Emerson, Lake and Palmer or Yes would probably have been laughed off the stage if ever they'd played a benefit for the Italian Communist party. Henry Cow did and weren't, but then their collective `progressive' ideas were of a radically different stripe. Not for them any bourgeois notions of coherence, hence perhaps the reason why each of their studio albums for Virgin -yes the train, airline and budding space travel people- sounded as if it was made by a different band, and hence perhaps too why their union with Slapp Happy, a trio dedicated like few others ever were to the cause of odd, off-kilter songs with perhaps a little wholesale redistribution of wealth on the side, managed to spawn this monster.
Just to make things even less clear Peter Blegvad and Anthony Moore's "War" was once covered by The Fall. This original version features guffawing backing vocals and a middle eight which includes a Mongezi Feza trumpet solo, amongst other things. We'd evidently come a long way since "Love Me Do" by 1975.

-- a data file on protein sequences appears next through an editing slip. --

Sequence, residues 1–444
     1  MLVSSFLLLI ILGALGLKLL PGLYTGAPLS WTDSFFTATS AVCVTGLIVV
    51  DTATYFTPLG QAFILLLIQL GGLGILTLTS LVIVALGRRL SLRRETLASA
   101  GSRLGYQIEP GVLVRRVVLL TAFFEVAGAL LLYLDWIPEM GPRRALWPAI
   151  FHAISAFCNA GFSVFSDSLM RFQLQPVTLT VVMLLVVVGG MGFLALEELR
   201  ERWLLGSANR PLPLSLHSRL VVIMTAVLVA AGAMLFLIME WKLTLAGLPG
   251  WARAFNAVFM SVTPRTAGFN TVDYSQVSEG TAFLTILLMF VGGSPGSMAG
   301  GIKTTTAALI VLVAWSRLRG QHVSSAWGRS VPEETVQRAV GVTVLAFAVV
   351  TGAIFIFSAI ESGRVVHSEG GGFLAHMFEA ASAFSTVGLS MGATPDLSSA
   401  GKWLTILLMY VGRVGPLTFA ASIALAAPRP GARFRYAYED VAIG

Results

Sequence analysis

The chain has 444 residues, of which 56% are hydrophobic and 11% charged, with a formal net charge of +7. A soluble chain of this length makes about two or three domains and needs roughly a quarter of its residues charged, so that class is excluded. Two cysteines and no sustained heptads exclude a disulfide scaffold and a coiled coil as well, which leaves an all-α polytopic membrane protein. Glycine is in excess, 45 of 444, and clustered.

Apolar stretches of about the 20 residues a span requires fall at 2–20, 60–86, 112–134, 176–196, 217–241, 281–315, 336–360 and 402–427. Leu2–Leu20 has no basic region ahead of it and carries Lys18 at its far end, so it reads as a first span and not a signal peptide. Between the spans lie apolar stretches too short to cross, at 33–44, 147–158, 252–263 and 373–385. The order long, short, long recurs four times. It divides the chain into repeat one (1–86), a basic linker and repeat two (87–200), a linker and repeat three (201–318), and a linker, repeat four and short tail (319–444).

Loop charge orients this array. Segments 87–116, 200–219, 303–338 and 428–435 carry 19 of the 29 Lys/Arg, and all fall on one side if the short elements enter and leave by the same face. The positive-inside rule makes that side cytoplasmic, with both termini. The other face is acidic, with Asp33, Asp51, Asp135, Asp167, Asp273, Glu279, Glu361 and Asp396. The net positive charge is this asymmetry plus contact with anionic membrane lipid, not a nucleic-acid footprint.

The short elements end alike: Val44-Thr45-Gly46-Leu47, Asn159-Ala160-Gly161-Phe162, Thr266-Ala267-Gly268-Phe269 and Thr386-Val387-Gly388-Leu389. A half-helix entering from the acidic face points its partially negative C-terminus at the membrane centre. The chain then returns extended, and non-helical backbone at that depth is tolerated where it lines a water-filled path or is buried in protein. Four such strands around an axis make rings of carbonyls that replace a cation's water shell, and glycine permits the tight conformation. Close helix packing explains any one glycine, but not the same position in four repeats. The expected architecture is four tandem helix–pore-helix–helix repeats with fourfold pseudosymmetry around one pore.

Fred Frith's guitar intro to "Living In The Heart Of The Beast" is the sort of thing that might have the faint-hearted hurrying for the safety of the cupboard under the stairs (the idea of male jazz singers has the same effect on this reviewer, by the by) but what follows amounts to at least three hours' worth of music compressed into fifteen and a half minutes. Whatever that might imply to readers the chances are the reality exceeds it, and at the risk of making a rhetorical point the chances are also that the definition of `progressive rock' has rarely if ever been stretched in such a way.
So what you've got is music that's as far from, say, Big Star as it is from, say, Genesis. The references don't amount to much anyway, not when you're dealing with the unique.
on 11 September 2013
I purchased this to replace a long lost cassette copy from many years ago - still find it an enjoyable listen, (though don't ask me why as it is certainly not easy music to understand). The first track is the one I clearly remember and I guess I bought the CD on the strength of the memory. I expect the rest is definitely not music most would find to their taste, but it is interesting to hear again. Can only describe it as very well played and tight, but such complex arrangements many listeners would just describe as 'noise'. I expect anyone purchasing this knows what to expect.